Statement from the leader of the Council
Council Leader Tudor Evans made this statement to the Cabinet on 9 June:
I would like to start by saying our thoughts are with the family and friends of George Floyd. As a Council we have already signalled that we stand in solidarity with the Black Lives Matter movement and everyone who continues to challenge racism, discrimination and inequality.
As a gesture of Plymouth’s support we lit some of our landmarks in purple over the weekend.
This terrible event in the US illustrates how deeply discrimination and oppression – both past and present – are felt and it has highlighted once again that Plymouth needs to continue to acknowledge some aspects of its own past.
We have an incredible maritime history are we very proud of this heritage but we also recognise that the way in which the stories of those seafarers has been told over the centuries has until recent years, downplayed the role that Elizabethan sailors such as Sir John Hawkins played in the slave trade.
We cannot change history and nor do we seek to but we can use it as a reminder of the atrocities of the past and as a way of remembering the victims of slavery and oppression.
We recognise our responsibility for ensuring we condemn the role these figures played in this awful trade and how offensive many people find what they see as their glorification.
The Box, which will open later this year, will tell a much fuller story about our city’s seafaring history and will fully acknowledge the terrible role that the likes of Sir John Hawkins played in the slave trade.
We fully understand the feelings of those who find the naming of a square created in the early 1980s after Hawkins offensive and we have listened and started the process of renaming the square.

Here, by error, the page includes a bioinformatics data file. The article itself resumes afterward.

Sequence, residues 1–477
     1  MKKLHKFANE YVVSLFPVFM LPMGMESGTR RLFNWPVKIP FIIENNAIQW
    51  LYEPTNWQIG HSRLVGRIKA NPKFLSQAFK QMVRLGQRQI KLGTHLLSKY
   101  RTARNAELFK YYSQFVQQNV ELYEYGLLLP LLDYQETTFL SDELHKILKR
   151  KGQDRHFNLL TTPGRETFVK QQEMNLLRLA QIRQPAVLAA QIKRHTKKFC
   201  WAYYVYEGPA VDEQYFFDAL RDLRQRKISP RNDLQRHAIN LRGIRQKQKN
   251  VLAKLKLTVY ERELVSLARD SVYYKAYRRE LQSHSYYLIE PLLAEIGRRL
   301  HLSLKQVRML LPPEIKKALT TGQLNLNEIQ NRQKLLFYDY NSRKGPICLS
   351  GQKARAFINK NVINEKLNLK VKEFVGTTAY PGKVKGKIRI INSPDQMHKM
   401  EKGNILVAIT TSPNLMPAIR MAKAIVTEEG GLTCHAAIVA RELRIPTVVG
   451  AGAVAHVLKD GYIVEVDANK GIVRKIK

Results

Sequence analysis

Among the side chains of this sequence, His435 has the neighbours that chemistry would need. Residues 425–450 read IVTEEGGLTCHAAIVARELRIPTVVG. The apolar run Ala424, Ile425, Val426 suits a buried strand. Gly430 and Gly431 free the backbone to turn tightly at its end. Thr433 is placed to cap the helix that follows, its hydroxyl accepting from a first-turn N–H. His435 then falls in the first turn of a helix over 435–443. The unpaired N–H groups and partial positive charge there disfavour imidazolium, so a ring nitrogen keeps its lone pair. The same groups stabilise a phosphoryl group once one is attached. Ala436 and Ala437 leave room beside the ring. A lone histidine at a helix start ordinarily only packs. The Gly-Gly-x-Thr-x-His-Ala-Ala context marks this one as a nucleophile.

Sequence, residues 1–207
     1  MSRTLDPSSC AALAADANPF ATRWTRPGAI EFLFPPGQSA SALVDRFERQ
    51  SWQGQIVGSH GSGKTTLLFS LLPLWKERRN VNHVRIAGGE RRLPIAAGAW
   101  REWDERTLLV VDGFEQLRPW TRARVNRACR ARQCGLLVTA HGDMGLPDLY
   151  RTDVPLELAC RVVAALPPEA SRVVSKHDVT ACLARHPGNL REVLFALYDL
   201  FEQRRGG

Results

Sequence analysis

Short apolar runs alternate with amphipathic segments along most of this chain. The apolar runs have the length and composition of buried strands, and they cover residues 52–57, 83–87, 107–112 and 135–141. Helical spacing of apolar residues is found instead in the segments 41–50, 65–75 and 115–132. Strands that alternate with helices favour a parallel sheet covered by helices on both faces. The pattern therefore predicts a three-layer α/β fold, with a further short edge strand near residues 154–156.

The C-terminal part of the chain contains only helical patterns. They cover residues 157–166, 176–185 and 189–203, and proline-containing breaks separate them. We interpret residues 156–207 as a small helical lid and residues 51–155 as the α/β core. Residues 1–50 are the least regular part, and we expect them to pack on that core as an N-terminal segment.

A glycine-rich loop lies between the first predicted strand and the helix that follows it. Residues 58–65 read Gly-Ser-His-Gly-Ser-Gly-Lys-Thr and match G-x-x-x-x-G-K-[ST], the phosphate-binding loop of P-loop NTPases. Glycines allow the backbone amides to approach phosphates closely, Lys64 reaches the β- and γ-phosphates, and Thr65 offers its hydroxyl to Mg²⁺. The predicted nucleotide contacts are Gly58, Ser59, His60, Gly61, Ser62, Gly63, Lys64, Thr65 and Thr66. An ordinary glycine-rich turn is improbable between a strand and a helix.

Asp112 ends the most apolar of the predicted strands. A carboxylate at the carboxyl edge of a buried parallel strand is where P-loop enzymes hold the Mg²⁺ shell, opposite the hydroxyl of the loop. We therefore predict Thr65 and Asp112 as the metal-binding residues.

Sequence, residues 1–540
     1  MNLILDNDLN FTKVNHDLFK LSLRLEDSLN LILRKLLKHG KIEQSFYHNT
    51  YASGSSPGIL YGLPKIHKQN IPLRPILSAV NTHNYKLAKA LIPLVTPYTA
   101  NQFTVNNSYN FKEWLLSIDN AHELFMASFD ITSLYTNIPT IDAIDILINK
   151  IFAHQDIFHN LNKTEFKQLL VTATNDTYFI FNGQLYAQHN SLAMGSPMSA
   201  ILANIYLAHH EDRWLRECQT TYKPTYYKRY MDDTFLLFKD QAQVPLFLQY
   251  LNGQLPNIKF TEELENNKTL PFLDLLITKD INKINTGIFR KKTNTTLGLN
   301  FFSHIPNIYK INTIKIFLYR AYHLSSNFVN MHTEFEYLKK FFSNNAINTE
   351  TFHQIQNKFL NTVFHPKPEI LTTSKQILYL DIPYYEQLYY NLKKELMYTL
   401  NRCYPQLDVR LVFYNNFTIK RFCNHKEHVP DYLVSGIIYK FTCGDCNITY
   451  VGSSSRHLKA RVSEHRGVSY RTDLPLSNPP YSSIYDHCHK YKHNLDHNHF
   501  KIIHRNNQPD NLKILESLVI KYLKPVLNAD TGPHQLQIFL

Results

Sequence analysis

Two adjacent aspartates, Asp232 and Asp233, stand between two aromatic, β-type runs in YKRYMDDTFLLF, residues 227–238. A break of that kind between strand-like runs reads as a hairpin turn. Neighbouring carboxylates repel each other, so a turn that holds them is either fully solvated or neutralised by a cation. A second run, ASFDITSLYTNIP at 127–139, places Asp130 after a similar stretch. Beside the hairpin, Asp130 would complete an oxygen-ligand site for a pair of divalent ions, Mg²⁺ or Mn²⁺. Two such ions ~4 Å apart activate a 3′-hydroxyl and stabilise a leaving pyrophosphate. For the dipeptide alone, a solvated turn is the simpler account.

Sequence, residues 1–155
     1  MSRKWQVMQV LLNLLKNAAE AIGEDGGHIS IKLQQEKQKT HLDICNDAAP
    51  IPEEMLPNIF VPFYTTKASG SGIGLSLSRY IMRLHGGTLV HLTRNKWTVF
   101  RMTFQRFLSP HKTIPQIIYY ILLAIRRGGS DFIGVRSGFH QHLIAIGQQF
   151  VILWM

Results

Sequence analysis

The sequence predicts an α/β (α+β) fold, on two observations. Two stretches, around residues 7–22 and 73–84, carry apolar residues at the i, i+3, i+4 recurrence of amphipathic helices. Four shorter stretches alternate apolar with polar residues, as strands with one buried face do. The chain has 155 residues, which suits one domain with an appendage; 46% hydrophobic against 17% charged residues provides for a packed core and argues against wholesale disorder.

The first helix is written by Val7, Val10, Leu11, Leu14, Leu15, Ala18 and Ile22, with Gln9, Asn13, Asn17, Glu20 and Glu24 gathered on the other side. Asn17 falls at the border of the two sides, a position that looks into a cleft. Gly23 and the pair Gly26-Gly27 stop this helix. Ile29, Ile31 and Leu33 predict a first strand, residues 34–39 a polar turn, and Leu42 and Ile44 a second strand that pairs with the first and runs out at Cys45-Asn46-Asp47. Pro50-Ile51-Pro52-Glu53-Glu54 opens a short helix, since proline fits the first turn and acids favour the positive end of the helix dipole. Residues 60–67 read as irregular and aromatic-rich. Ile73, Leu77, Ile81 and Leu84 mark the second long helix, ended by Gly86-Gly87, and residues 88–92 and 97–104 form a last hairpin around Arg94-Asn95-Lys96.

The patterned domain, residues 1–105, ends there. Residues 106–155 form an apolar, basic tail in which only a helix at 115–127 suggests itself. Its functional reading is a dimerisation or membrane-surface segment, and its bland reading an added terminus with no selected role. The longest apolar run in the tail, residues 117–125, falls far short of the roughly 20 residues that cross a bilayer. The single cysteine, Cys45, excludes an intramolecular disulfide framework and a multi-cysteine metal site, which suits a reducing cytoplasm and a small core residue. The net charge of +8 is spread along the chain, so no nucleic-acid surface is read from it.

We also think it is important to acknowledge and commemorate the victims of the slave trade with a new memorial to those who lost their lives and liberty. We will put this in the Peace Garden on The Hoe.
We will also aim to ensure that where possible existing monuments such as the listed statue of Sir Francis Drake on The Hoe are accompanied by a narrative referring to their role in the slave trade.
While we acknowledge this terrible side to our city’s history, we also need to remember that Plymouth played an important role in the eventual abolition of the slave trade and that it also has a long and proud history of welcoming oppressed communities.
QUESTIONS AND ANSWERS
Is the Council going to remove the statue of Drake on Plymouth Hoe?
No, we do not plan to remove the statue of Sir Francis Drake which has stood on Plymouth Hoe since 1884.
As most historians will tell you, many famous names from this period of history were involved in practices that we now find deplorable.
We will continue to acknowledge the important role Drake played in this nation’s history, as well as in the history and development of Plymouth, while always also acknowledging that he was involved in privateering and the terrible practice of trading slaves.
Rather than remove the statue we feel we have a duty to tell the full story of what he did and use this to help remember those who suffered as a result of the slave trade.
We already had plans to do this in The Box, the major new visitor attraction, which will open later this year. This tells the fuller story about Drake and other seafarers of the time who were involved in slave trading and privateering.
We are also planning to install a memorial to those who suffered and lost their lives due to the slave trade in the nearby Peace Garden on The Hoe.
As a city we will always stand firm against inequality and oppression and do everything we can to fight discrimination of any kind.
Are you going to rename Sir John Hawkins Square?
Yes. We have already removed the signs on the square and will start the renaming process, which involves an opportunity for people to give their views. We are doing this because we have listened to views and recognise it causes particular offence due to Hawkins’ close involvement in the slave trade.
Why are you changing the name of the square but not removing the statue of Drake?
Hawkins was a famous seafarer who was more closely associated with the slave trade, as his own crest depicts. We have listened to the views about the offence the relatively recent naming of this square (early 1980s) causes.
Is the Council planning to rename everything named after Drake and Hawkins?
No, we do not intend to make other changes to names. We will tell the full story about the people they are named after and acknowledge that as well as their more celebrated exploits, they were also involved in some terrible practices.